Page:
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Christian, Jewish Leaders Welcome Decision on Text of Passion Play

American Christian and Jewish leaders have welcomed the recent vote of the town council of Oberammergau, Germany, which decided that the 1980 presentation of its famous Passion Play is to be based on an earlier text than the highly anti-Semitic version that has been presented for more than a century.

As a result of the vote, the 1980 Passion Play is to be performed from a script written in 1750 by a Benedictine monk, Ferdinand Rosner, replacing an 1860 text by a priest named Joseph Alois Daisenberger. The Daisenberger version, which has been acted every 10 years for more than a century, is filled with statements and implications holding the Jewish people solely responsible for the death of Jesus. The Rosser script maintains that all mankind was responsible for Jesus’ death, and that his crucifixion stemmed from a plot hatched by Lucifer and his evil spirits.

Representatives of the National Conference of Catholic Bishops, the National Council of Churches of Christ and the American Jewish Committee, at a news conference last Friday morning at the AJCommittee’s headquarters, called the town council’s decision “a major step in consolidating the improved relationship between Christians and Jews that evolved from the Vatican Council II declaration repudiating the charge against the Jewish people for collective guilt in the death of Jesus.”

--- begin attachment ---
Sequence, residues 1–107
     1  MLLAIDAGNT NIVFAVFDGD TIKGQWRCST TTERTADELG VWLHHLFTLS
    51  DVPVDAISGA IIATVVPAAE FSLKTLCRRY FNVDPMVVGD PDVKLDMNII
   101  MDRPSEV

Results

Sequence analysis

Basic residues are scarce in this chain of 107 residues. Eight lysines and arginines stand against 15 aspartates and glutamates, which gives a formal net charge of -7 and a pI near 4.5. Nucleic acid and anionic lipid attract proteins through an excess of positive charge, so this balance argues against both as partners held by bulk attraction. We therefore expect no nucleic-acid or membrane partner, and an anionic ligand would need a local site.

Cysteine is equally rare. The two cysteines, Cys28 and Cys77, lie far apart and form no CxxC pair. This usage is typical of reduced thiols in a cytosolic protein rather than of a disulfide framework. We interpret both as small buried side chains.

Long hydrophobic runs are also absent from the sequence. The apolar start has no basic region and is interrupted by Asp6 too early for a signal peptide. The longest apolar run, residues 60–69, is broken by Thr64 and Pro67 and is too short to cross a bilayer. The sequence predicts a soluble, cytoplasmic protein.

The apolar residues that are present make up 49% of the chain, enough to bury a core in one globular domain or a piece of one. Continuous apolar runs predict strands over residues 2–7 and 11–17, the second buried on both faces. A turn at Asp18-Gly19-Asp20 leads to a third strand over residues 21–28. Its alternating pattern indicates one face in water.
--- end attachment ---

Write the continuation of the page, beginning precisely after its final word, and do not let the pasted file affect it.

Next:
Bertram H. Gold, executive vice-president of the AJCommittee, who chaired the news conference, described the Passion Play as a “long-time concern” of the AJCommittee. It was more than 20 years ago that the AJCommittee made its first line-by-line analysis of the Daisenberger script and came to the conclusion that it was a “highly anti-Semitic document that could not help but contribute to the misunderstanding of Jews and Judaism.” Gold said.

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